Ubuntu HowTo: Is there a program to see channels used by Wi-Fi networks (similar to Vistumbler or inSSIDer) in Ubuntu?

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I need to see the channels used by all Wi-Fi networks in range in order to improve my Wi-Fi connection by selecting the channel to be used by my modem (a procedure related to the ‘freebox’ modem).

In Windows there is Vistumbler (that I know of).

What would be the equivalent in Ubuntu?

Edits after answers/comments:

  • The name of my wireless is registered as eth1 (not as wlan#) – as confirmed after comments and chats

  • What I want is a program that would display all wireless networks in range (which any network app does) and the channel used by each of them, like Vistumbler does:


  • I have an answer that seems satisfactory for now (wicd)- but please post more if there are other similar apps.


You can use this Linssid:

sudo apt install linssid


It will show you ssid, mac, power signal, and graphic.

In addition to Rozza’s answer you can group the results and see how much each channel is used:

sudo iwlist wlan0 scan | grep Frequency | sort | uniq -c | sort -n

Example output would be like this:

  1                     Frequency:2.422 GHz (Channel 3)
  1                     Frequency:2.432 GHz (Channel 5)
  1                     Frequency:5.26 GHz (Channel 52)
  1                     Frequency:5.5 GHz (Channel 100)
  2                     Frequency:2.452 GHz (Channel 9)
  2                     Frequency:2.472 GHz (Channel 13)
  3                     Frequency:2.447 GHz (Channel 8)
  6                     Frequency:2.437 GHz (Channel 6)
  6                     Frequency:2.462 GHz (Channel 11)
  7                     Frequency:5.18 GHz (Channel 36)
  8                     Frequency:2.412 GHz (Channel 1)

If you get something like wlan0 Interface doesn't support scanning, you have to replace wlan0 with the interface specified after running ifconfig (e.g. wlp2s0 etc).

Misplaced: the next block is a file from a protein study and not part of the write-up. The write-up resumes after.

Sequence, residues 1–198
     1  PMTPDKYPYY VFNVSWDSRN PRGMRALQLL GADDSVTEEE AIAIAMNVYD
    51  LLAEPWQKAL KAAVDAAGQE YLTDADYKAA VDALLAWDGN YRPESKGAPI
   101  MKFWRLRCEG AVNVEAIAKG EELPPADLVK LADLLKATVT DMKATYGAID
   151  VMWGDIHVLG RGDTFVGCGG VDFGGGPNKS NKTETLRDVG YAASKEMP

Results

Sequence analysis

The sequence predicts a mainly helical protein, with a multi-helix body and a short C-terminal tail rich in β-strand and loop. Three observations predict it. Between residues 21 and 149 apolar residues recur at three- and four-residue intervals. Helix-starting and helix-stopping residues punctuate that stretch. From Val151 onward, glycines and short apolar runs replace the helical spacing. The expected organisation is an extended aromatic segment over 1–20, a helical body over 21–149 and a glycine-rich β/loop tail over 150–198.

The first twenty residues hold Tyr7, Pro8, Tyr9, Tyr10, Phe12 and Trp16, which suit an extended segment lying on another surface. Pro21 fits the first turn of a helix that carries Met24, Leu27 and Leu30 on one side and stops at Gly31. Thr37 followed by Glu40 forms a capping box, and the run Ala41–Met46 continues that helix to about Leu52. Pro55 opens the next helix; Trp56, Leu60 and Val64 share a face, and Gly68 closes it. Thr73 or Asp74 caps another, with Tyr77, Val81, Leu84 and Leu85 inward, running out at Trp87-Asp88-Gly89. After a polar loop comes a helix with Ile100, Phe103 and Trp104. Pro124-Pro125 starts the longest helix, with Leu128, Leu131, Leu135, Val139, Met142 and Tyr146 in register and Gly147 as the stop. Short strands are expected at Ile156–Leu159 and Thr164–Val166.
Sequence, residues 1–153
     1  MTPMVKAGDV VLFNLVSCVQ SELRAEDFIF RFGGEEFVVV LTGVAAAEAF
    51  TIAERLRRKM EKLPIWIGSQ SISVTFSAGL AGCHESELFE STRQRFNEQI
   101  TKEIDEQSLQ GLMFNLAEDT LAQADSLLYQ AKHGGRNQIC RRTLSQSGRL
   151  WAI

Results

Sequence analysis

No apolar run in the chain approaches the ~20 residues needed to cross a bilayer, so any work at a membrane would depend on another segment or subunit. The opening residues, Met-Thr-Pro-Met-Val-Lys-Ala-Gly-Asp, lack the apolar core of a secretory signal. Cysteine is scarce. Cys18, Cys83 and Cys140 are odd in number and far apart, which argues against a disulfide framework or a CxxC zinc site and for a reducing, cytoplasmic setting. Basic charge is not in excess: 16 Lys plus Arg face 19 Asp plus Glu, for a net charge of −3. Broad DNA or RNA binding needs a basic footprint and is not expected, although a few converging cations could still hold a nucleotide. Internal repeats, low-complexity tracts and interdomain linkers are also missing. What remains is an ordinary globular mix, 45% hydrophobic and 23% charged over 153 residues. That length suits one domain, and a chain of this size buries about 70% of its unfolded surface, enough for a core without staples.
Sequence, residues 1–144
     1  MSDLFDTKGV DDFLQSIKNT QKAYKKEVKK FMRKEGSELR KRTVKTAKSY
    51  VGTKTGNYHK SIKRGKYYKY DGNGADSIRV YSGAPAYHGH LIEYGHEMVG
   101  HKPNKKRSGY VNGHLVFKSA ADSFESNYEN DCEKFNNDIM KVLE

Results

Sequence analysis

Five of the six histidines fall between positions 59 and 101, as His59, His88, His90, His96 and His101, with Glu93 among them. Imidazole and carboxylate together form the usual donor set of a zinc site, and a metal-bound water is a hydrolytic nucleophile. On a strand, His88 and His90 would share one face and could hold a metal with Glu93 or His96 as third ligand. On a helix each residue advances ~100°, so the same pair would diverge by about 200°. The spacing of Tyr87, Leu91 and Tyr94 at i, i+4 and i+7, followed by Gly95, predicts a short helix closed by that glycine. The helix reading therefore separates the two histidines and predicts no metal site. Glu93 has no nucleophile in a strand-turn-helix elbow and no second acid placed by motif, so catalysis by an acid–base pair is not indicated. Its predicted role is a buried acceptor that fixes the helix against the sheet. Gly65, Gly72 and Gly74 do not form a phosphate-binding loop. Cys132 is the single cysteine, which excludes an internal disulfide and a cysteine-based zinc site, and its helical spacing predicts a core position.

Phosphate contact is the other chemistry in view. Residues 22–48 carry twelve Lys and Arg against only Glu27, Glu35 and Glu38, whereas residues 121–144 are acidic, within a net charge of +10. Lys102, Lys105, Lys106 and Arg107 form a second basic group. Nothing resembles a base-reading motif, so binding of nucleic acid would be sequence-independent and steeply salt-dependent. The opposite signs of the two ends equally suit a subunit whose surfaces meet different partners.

I’m guessing you’re looking to set to a channel that is not being used locally – so you want to see a summary of what is being used. Try the following from the command line:

sudo iwlist wlan0 scanning | grep -i Channel

If Kismet fails to work with your wireless card, I’ve used wicd in the past;

A network connection manager that aims to simplify wired and wireless networking in Linux.


It is in Ubuntu repositories – can be easily installed from Synaptic.

Lists all networks & channels.

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Yes , There is Alternative to Vistumbler

  • Kismet : Network detector for 802.11 wireless LANs , Work Under Linux..

You can Download it from Kismet

or Open Terminal

          sudo apt-get install kismet

Another Way To Monitoring Wireless but via Terminal :

  • Open Terminal
  • su
  • iwlist wlan0 scanning

wlan0 its your wifi interface, to get name of your wifi interface see ifconfig in terminal

There’s also Wifi Radar, not mentioned here yet.

It’s in the Ubuntu repositories (as wifi-radar):

sudo apt-get install wifi-radar

Wifi Radar screenshot

You can also use nm-tool on the command line (this is the default network manager for Ubuntu, normally you use its GUI). Somewhere in the output of nm-tool, it contains the following section of found access points:

  Wireless Access Points (* = current AP)
    Neighbors:       Infra, 00:XX:XX:XX:XX:04, Freq 2437 MHz, Rate 54 Mb/s, Strength 44 WPA WPA2
    *network-2C5A6:  Infra, 00:XX:XX:XX:XX:79, Freq 2437 MHz, Rate 54 Mb/s, Strength 100 WPA
    bbox2-8afd:      Infra, 00:XX:XX:XX:XX:0F, Freq 2412 MHz, Rate 54 Mb/s, Strength 42 WPA WPA2

To convert the frequencies to channel numbers, use the command iwlist frequency:

wlan0     32 channels in total; available frequencies :
          Channel 01 : 2.412 GHz
          Channel 02 : 2.417 GHz
          Channel 140 : 5.7 GHz
          Current Frequency:2.437 GHz (Channel 6)


wavemon is an ncurses-based monitoring application for wireless network devices



sudo apt install wavemon

wavemon is a wireless device monitoring application that allows you to watch signal and noise levels, packet statistics, device configuration and network parameters of your wireless network hardware. It should work (though with varying features) with all devices supported by the Linux kernel.

If you wouldn’t mind using the command line you can use wpa_supplicant to help you see the channels in use in the neigbourhood.

first Enter the wpa_cli interactive shell

sudo wpa_cli -i wlan0

when you are presented with the interactive shell, start a scan

> scan

finally to get the channels being used do

> scan_results

when done you can exit with quit


Next-Gen GUI-based WiFi and Bluetooth Analyzer for Linux



git clone https://github.com/ghostop14/sparrow-wifi
cd sparrow-wifi
pip3 install gps3 python-dateutil requests pyqt5 pyqtchart numpy matplotlib
sudo python3 sparrow-wifi.py

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